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Birthmarks – How to Tell Your Twins Apart

Jun 25 • Birthmarks, Featured, Skin Disease • 19074 Views • 1 Comment on Birthmarks – How to Tell Your Twins Apart

Birthmarks are persistent areas of discolored skin that are generally visible from birth. While many birthmarks are permanent, some fade with time.  In general, birthmarks arise from either a concentration (or lack) of pigmentation or from a concentration of blood vessels in or just below the skin.

Strawberry Mark

A Hemangioma is a bright red raised area that can occur anywhere in the skin.   It might be barely noticeable at birth and then grow to an inch or several inches across during a child’s first months.  Because a hemangioma brings a blood supply to the surface of the skin, they may bleed easily if bumped or scratched.

Often when the child is 6 to 12 months old, the redness will fade to gray and the mark will flatten and fade in a process know as involution.  In some cases the skin might break down and erode during involution.   Strawberry marks often disappear by the time the child is 5 years old.  Strawberry marks on the scalp are often hidden by hair and require no treatment.  A hemangioma near an eye or on the face is often treated more aggressively.  Read more about Hemangiomas and Strawberry Marks here.

There are two main types of hemangiomas:

  • Strawberry hemangiomas (strawberry mark, nevus vascularis, capillary hemangioma, hemangioma simplex) may develop several weeks after birth.
  • Cavernous hemangiomas (angioma cavernosum, cavernoma) are similar to strawberry hemangiomas but they are deeper.

Port Wine Stains

A port wine stain is a hemangioma of dilated capilaries, and generally presents as a large red or purplish spot that occurs on the arm, leg or face.   It is sometimes raised and generally persists throughout adulthood.  Some port wine stains are associated with Sturge-Weber syndrome, so check with your pediatrician.    Port Wine stains often respond well to laser treatment which can soften the discoloration and provide cosmetic benefits.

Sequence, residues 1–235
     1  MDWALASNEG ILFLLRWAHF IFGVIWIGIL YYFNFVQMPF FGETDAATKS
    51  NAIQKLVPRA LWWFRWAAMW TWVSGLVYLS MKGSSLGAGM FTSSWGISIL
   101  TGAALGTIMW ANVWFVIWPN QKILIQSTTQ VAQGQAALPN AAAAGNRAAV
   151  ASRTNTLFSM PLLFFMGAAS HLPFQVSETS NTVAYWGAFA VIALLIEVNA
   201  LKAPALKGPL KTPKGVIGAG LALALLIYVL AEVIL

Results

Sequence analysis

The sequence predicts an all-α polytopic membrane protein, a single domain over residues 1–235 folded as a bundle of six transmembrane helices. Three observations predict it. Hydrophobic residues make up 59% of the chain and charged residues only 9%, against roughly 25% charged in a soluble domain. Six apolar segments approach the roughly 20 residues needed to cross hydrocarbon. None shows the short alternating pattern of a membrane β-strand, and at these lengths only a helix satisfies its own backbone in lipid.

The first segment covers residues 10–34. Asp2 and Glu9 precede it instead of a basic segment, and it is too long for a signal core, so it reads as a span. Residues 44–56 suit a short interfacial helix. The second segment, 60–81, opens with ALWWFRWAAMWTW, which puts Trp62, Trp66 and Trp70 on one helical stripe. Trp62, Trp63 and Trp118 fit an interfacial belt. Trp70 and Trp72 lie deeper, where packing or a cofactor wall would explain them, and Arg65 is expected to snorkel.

Mongolian Spots

Mongolian spots are flat marks of various sizes that are present at birth and resemble bruises on the lower back or buttocks.  The spots are bluish greay to bluish green.

Cafe au lait spots

Cafe au lait spots are flat, irregularly shaped small tan or brown areas present on the skin at birth.

Capillary Marks

Capillary marks are small pinkish brown or pink spots present at birth that gradually fade away before a child is 18 months old.

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One Response to Birthmarks – How to Tell Your Twins Apart

  1. Our daughter Sydney had hemangiomas on both sides of her face, on her back and neck, most of her right leg, and internally as well.

    We put a video together in hopes that it would raise awareness of hemangiomas and available treatments.

    Our daughter Sydney’s story speaks to the absolute necessity of early intervention and I think the photo montage attached makes a compelling argument for immediate early action when treating vascular anomalies.

    Thousands of babies are afflicted with this condition and very few doctors know what to do.

    http://www.youtube.com/watch?v=ILB3x1iP6CQ

    Waner Children’s Vascular Anomaly Foundation’s website is http://www.wanerkids.org

    The Vascular Birthmark Institute of New York’s website is http://www.vbiny.org

    Dr. Waner’s facebook page is http://www.facebook.com/home.php#!/group.php?gid=67372539782&ref=ts please check it out and become a fan.

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